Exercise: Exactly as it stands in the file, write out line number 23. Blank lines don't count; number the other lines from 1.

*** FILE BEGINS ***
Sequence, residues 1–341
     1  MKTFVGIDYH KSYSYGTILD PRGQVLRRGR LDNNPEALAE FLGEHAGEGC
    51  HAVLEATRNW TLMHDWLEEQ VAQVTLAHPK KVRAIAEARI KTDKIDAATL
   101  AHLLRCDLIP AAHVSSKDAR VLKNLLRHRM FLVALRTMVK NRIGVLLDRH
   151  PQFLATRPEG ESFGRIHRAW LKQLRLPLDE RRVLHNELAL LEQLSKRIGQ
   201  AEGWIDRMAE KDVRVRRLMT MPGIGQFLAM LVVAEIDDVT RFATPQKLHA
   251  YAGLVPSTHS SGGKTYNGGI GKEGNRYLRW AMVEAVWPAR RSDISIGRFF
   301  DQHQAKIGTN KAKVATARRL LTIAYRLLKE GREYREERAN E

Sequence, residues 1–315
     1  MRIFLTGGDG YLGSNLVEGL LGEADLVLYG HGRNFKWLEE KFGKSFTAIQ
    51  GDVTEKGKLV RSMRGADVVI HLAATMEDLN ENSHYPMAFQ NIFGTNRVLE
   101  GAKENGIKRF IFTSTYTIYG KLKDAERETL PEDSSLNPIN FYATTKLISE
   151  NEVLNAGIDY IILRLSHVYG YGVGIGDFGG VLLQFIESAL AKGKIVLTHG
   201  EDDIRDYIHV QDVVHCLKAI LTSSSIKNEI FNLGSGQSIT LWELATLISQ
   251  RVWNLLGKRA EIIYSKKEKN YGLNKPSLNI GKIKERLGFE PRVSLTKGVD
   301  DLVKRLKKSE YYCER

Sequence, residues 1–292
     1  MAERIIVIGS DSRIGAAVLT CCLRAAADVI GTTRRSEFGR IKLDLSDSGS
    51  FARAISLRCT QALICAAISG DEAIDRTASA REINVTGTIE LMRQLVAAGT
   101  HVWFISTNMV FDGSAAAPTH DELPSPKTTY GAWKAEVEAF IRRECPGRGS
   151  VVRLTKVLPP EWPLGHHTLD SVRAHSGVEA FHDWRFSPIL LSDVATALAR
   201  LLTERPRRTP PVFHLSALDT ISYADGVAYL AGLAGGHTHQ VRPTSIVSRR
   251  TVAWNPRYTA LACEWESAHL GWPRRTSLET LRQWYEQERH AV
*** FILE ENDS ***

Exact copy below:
   251  TVAWNPRYTA LACEWESAHL GWPRRTSLET LRQWYEQERH AV